The Moon absorbs 89% of the energy it receives from the sun! Ouch it gets pretty hot up there! Well, it is only one hemisphere at a time and since the Moon is very emissive (radiates very well in the IR spectrum) it keeps its mean temperature at equilibrium.
TechnoCreed
5 / 5 (2) Mar 07, 2015
Also, with such poetic articles like this relatively recent one in the prestigious Sky & Telescope http://www.skyand...2312014/ I can very much appreciate why you would not let a quidam shake your certitudes.

With all the evidence that I have presented so far, I am pretty sure that you think that I am in trouble, don't you?
TechnoCreed
5 / 5 (1) Mar 07, 2015
The following parts will not go as painless. That is where I start to deconstruct the view that is so carelessly carried from people to people because it is the 'effortless' answer.
barakn
5 / 5 (2) Mar 24, 2015
The pace at which I am going to post will be slow

Yes, evidently.
With all the evidence that I have presented so far, I am pretty sure that you think that I am in trouble, don't you?
Indeed.
TechnoCreed
not rated yet Apr 16, 2015
The pace at which I am going to post will be slow

Yes, evidently.
With all the evidence that I have presented so far, I am pretty sure that you think that I am in trouble, don't you?
Indeed.

You are a funny guy...

It is alright I like good humour.
TechnoCreed
not rated yet Apr 16, 2015
If you look at the first comment wrote on March 6th ,
Just click on an appreciation (1 to 5 stars) or post a comment to approve or argue; this way I will know that I am not totally wasting my time.
I clearly asked you to, at least, signify your interest.

Since you did not acknowledged, I concluded that you were not interested in this discussion.
TechnoCreed
not rated yet Apr 16, 2015
There is 10 days left before Physorg close the comments on this article. I think it is plenty of time to have a fruitful discussion.
TechnoCreed
5 / 5 (1) Apr 17, 2015
On this, you are almost suggesting that all photos are suspicious and cannot be trusted. I do not agree with that but I admit that I have been a bit fooled by the regolith dust that I linked from Wikipedia. When you take a second look at this picture you notice that the colours are not right; it is kind of sepia. You can compare the colour corrected picture on this link http://i.imgur.com/qMmqBgt.jpg I manually corrected the colours by interpreting the left 'uniformly coloured' surface of the table as pure grey. It must be close to that if you compare it to the bare metal holders and fasteners. The left photo is the original from Wikipedia the one on the right is the one that I have corected.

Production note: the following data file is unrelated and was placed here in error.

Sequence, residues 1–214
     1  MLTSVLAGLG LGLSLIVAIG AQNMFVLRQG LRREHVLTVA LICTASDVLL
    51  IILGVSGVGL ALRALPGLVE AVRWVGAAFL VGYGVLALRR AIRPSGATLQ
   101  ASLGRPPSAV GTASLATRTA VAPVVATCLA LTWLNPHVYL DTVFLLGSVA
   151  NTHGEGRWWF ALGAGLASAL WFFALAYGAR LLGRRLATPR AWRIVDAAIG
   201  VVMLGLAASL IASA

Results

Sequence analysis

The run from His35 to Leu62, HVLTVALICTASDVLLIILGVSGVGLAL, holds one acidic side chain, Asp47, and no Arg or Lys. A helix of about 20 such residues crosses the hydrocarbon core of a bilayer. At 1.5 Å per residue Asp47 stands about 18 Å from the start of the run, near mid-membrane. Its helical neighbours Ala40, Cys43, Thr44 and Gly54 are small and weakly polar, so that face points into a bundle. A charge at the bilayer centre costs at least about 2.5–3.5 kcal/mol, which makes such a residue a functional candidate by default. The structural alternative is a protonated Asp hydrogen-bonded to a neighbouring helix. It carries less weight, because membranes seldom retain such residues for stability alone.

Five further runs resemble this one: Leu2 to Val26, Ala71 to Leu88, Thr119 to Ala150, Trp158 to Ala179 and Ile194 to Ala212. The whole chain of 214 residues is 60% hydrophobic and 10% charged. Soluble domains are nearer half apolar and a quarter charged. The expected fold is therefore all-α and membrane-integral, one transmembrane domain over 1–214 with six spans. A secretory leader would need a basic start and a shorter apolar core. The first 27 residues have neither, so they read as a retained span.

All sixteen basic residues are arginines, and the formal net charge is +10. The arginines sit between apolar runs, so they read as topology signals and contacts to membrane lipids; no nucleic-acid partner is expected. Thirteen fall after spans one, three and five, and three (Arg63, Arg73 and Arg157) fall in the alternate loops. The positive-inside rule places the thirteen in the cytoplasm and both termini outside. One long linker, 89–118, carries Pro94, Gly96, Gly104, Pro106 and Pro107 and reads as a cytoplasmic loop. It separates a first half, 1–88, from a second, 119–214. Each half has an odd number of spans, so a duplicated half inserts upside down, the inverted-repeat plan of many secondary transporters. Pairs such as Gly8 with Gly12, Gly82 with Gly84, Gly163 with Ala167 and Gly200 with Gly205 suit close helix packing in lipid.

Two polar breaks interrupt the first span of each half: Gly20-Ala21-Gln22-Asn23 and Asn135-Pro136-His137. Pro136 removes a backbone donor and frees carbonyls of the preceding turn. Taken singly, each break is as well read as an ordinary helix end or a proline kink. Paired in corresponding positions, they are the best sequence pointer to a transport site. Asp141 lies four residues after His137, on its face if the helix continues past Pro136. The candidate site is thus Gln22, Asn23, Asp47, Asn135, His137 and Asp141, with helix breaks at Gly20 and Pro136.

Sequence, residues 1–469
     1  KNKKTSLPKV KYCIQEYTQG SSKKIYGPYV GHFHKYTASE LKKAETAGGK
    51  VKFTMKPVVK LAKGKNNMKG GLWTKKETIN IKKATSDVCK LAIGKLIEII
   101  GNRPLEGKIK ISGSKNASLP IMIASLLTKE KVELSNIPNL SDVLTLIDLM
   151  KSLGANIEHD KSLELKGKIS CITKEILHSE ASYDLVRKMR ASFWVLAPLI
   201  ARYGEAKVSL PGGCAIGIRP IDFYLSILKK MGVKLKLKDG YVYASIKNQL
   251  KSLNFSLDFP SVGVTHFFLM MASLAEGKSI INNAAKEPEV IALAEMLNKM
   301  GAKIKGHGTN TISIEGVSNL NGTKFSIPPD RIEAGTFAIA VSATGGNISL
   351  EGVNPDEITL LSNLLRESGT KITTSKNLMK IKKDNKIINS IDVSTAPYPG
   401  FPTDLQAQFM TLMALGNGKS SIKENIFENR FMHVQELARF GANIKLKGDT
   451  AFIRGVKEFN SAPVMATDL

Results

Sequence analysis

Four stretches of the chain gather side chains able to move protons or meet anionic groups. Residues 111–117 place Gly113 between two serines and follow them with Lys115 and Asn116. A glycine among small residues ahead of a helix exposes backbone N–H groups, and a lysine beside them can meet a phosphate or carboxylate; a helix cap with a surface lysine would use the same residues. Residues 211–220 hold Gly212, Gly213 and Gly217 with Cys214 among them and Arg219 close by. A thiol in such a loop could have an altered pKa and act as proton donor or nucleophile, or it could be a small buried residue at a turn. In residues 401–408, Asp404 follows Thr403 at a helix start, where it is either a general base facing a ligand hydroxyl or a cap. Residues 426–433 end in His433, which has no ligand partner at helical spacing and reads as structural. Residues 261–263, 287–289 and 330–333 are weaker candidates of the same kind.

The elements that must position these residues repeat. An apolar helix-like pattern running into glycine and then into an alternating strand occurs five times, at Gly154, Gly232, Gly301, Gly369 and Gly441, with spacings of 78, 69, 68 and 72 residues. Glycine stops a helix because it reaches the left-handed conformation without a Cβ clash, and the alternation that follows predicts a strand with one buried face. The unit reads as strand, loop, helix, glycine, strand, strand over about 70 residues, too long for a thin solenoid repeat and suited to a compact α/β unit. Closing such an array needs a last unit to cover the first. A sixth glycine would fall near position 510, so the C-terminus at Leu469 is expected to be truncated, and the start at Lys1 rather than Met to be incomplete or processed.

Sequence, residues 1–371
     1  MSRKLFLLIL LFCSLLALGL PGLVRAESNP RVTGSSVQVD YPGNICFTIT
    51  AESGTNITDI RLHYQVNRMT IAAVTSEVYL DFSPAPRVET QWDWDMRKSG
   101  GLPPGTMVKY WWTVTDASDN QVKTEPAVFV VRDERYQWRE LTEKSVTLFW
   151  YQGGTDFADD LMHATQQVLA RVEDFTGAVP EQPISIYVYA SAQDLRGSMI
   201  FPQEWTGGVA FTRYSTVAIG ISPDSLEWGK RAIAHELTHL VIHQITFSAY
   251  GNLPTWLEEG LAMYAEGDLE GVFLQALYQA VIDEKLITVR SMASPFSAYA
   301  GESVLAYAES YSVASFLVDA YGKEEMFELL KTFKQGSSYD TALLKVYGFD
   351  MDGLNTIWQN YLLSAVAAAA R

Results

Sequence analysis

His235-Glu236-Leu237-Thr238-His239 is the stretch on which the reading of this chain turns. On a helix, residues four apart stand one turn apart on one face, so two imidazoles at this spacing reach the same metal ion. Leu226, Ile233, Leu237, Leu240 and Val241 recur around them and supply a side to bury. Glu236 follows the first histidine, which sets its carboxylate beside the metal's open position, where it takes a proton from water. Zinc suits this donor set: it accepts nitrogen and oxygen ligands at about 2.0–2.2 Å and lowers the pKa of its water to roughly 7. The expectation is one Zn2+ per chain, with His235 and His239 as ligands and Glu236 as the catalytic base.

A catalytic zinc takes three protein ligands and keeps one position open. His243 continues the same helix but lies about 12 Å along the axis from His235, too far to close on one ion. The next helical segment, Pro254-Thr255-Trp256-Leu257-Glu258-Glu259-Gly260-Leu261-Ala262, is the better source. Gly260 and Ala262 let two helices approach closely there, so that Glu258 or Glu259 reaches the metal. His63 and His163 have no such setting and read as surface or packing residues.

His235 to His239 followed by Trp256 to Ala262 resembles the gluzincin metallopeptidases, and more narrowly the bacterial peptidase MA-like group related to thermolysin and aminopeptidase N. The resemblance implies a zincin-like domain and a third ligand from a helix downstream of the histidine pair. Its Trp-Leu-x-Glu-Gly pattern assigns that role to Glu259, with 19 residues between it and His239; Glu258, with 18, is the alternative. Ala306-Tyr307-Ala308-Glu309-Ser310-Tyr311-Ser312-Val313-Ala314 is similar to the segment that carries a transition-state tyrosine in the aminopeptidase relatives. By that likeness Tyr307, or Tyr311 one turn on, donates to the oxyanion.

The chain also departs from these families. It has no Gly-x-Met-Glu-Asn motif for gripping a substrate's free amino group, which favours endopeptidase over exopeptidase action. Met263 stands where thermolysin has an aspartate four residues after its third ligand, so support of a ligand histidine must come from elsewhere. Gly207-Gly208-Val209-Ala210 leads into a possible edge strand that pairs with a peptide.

TechnoCreed
5 / 5 (1) Apr 17, 2015
From this colour corrected picture you can compare the black enclosure with the dark brown regolith. It is not charcoal but it is black and, with this, can have a proper appreciation of this lunar dust. I specify 'this lunar dust' because there is chemical composition variation so colour and aspect contrast variation depending on lunar location it was sampled from.
TechnoCreed
5 / 5 (1) Apr 17, 2015
I will also add that you cannot unwillingly give a false impression of the contrasts by playing with the exposure time when the contrasts are high; meaning when there are dark objects and bright objects in the same photo composition. Like the picture of 'Buzz' Aldrin that I also linked from Wikipedia. Else you lose details in the whites because of saturation caused by overexposure or you lose details in the blacks because of underexposure. In other word: apart from the colour correction needed on the lunar dust sample, it is not possible to give a false impression of the general aspect of the scene on the pictures that I linked.